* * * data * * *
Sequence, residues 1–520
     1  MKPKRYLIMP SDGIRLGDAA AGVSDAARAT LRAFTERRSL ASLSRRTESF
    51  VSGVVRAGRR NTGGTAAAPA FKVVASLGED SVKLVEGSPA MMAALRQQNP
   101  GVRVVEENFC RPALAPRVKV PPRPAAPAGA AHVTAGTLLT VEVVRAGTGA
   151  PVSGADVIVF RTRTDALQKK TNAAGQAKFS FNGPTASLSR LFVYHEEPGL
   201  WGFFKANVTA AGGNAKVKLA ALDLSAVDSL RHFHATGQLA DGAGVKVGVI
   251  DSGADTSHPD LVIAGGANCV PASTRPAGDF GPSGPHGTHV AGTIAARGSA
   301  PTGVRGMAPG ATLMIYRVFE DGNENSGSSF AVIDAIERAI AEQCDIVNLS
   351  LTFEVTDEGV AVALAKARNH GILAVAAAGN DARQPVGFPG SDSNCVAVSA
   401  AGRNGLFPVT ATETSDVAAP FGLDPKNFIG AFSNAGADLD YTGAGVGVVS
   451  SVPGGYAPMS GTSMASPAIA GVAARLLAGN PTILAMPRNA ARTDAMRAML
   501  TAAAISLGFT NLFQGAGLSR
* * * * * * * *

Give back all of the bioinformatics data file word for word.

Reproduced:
Sequence, residues 1–520
     1  MKPKRYLIMP SDGIRLGDAA AGVSDAARAT LRAFTERRSL ASLSRRTESF
    51  VSGVVRAGRR NTGGTAAAPA FKVVASLGED SVKLVEGSPA MMAALRQQNP
   101  GVRVVEENFC RPALAPRVKV PPRPAAPAGA AHVTAGTLLT VEVVRAGTGA
   151  PVSGADVIVF RTRTDALQKK TNAAGQAKFS FNGPTASLSR LFVYHEEPGL
   201  WGFFKANVTA AGGNAKVKLA ALDLSAVDSL RHFHATGQLA DGAGVKVGVI
   251  DSGADTSHPD LVIAGGANCV PASTRPAGDF GPSGPHGTHV AGTIAARGSA
   301  PTGVRGMAPG ATLMIYRVFE DGNENSGSSF AVIDAIERAI AEQCDIVNLS
   351  LTFEVTDEGV AVALAKARNH GILAVAAAGN DARQPVGFPG SDSNCVAVSA
   401  AGRNGLFPVT ATETSDVAAP FGLDPKNFIG AFSNAGADLD YTGAGVGVVS
   451  SVPGGYAPMS GTSMASPAIA GVAARLLAGN PTILAMPRNA ARTDAMRAML
   501  TAAAISLGFT NLFQGAGLSR